The orbit is composed of the bone cavity that surrounds, along with the system of extra ocular muscle, tissues, and orbital fat. They serve the purpose of protecting and stabilizing the eye. Orbital surgery is a type of oculoplastic surgery that focuses on conditions occurring in the eye socket. These conditions include:
Thyroid Eye Disease (Grave's disease )
Thyroid eye disease or Grave’s disease is the most common disease of these conditions and is related to an autoimmune thyroid disorder. Patients with this condition can have a variety of different symptoms including eye bulging,eyelid retraction, Dry eye and irritation, redness, swelling, double vision, and even vision loss from compression of the optic nerve. Surgical intervention such as orbital decompression surgery is necessary to relieve pressure on the optic nerve and restore normal appearance. Patients, together with their ophthalmologist will be able to determine the best plan of treatment.
Orbital Tumor Surgery
Orbital tumors can grow and spread in any part of the orbit. It can be congenital or acquired, benign or malignant. Symptoms could range from moderate symptoms such as blurry or double vision, headaches, to more serious symptoms like eye pain/pressure, swelling, and proptosis (or a protruding/bulging eye).
A comprehensive examination by an oculoplastic surgeon along with imaging tests such as a CT scan, MRI, and ultrasound are the best methods of detection. In addition, a surgery might be necessary to obtain a biopsy and determine the type of tumor. Ideally orbital tumors should be completely removed. Other treatment options include radiation, chemotherapy, depending on the type of the tumor.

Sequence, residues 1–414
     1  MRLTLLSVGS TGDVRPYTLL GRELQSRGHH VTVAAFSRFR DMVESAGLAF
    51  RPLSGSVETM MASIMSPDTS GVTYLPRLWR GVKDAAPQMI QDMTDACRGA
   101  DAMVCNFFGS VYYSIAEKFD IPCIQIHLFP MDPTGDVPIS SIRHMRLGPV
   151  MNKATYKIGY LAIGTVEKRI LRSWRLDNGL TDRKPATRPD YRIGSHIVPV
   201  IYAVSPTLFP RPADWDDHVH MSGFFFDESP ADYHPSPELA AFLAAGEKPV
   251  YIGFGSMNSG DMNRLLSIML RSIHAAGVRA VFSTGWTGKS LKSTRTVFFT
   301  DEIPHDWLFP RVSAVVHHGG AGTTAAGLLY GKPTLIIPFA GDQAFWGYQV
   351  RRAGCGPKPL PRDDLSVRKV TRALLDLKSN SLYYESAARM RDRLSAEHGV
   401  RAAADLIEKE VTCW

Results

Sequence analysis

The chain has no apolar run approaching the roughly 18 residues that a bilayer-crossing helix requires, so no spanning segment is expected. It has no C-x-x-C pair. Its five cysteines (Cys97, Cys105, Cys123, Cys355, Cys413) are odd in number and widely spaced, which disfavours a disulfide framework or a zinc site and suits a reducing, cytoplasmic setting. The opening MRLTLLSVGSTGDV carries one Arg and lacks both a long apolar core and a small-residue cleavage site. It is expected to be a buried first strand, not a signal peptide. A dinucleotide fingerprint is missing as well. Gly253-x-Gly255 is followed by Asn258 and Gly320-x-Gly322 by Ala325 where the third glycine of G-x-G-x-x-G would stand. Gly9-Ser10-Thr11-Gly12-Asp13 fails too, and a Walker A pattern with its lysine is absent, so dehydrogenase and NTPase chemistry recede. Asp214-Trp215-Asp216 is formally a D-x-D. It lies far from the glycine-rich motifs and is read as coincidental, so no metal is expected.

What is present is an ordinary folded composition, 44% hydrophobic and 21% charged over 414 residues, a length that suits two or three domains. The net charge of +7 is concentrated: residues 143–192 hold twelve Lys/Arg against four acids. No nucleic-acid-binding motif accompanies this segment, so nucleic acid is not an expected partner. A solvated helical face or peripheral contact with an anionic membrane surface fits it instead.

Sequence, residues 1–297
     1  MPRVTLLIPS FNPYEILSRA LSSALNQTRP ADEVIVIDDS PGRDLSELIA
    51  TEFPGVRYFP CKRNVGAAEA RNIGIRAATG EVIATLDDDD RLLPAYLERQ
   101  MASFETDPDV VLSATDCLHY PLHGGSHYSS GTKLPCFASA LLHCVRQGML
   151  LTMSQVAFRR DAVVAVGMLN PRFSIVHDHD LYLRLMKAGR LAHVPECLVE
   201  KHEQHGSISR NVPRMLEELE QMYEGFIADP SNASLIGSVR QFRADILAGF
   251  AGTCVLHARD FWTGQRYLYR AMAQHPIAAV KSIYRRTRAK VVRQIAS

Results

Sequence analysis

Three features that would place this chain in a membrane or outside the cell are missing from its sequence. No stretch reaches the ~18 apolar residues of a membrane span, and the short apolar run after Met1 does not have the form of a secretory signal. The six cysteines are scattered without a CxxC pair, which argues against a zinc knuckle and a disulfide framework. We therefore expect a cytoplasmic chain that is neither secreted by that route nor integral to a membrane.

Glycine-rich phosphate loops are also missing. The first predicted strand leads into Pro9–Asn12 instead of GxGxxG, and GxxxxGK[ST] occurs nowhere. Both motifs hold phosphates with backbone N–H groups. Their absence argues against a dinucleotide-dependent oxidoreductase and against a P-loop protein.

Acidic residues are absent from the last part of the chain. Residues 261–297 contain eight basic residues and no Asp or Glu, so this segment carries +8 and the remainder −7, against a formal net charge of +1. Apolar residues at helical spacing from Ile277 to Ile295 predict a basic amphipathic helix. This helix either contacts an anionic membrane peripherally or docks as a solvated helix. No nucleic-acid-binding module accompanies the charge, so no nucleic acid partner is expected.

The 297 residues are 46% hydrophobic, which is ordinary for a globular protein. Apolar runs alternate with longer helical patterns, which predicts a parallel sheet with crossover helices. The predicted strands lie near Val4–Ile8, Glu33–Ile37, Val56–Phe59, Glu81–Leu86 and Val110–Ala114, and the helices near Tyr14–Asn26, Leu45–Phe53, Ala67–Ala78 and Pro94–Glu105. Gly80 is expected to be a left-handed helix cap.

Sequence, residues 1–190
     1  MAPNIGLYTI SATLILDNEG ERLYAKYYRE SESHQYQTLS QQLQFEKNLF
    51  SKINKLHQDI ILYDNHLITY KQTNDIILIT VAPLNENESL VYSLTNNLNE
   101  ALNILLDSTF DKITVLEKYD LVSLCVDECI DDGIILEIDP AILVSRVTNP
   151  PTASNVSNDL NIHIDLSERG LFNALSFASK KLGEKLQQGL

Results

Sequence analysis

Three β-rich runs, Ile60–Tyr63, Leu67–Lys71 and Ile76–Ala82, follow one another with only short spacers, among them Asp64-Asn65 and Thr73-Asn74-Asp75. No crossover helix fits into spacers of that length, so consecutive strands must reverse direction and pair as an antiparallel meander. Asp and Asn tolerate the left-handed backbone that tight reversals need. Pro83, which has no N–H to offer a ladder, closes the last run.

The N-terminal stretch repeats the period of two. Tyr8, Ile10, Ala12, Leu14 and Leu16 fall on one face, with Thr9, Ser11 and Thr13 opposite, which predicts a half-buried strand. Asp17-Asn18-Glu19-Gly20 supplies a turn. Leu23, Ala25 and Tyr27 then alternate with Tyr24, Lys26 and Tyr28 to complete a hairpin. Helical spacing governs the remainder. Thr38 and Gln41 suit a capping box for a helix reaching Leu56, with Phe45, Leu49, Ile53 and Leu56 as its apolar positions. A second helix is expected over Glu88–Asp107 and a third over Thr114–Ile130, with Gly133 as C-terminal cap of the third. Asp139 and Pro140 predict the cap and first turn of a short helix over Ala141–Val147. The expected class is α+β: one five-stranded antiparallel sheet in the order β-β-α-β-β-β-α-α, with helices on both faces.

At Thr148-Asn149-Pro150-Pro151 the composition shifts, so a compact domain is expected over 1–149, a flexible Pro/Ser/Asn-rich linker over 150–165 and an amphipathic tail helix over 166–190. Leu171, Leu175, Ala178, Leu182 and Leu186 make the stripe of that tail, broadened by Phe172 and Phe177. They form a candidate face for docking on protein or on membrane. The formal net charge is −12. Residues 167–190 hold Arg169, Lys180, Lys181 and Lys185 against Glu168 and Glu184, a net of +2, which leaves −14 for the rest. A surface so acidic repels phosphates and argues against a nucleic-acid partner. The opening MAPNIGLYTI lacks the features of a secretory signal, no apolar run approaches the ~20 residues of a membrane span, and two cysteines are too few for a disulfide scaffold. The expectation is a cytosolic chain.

Orbital Fracture (Enophthalmos, Sunken Eye)
Trauma to the eye caused by accidents are quite common. Injuries can be caused by car accidents, falls, sports-related injuries, and assaults. These accidents can result in eyelid laceration, tear drain injuries, orbital bleeding, and orbital fractures. The most common type of orbital fracture is a blow-out fracture which results in the eye to sink back into the orbit, a condition called enophthalmos. Orbital fracture repair is performed to prevent the eye from sinking back into the orbit. If enophthalmos is already present, surgical fracture repair and orbital reconstruction may be performed to move the eye back into a normal position.
Sometimes the eyeball may have to be removed due to various reasons, including tumor, infection, or a disfigured eye. Two types of surgeries are performed:
Evisceration surgery involves removing the eye contents, while leaving the scleral shell (white part of the eye), extraocular muscle attachments, and surrounding orbital tissues intact. This is the least invasive procedure for the eye socket and usually yields the best cosmetic result after a reconstructive surgery.
Unlike evisceration, enucleation involves the removal of the eyeball including the scleral shell. This reason to perform this procedure could be due to a blind eye, non-salvageable eyes due to trauma, or eye tumors. In its place a permanent spherical orbital implant is inserted. After the healing process has completed the patient will be assigned to an ocularist to create a prosthetic eyeball closely matching the healthy one.
Evisceration and enucleation surgery will change the appearance of your eye, making subsequent reconstructive surgery necessary.
A person can lose their eye during their lifetime due to blunt injury or infection. For these patients, Dr. Walid Abdalla performs an anophthalmia surgery to improve function, accompanied with aesthetic surgery to improve appearance.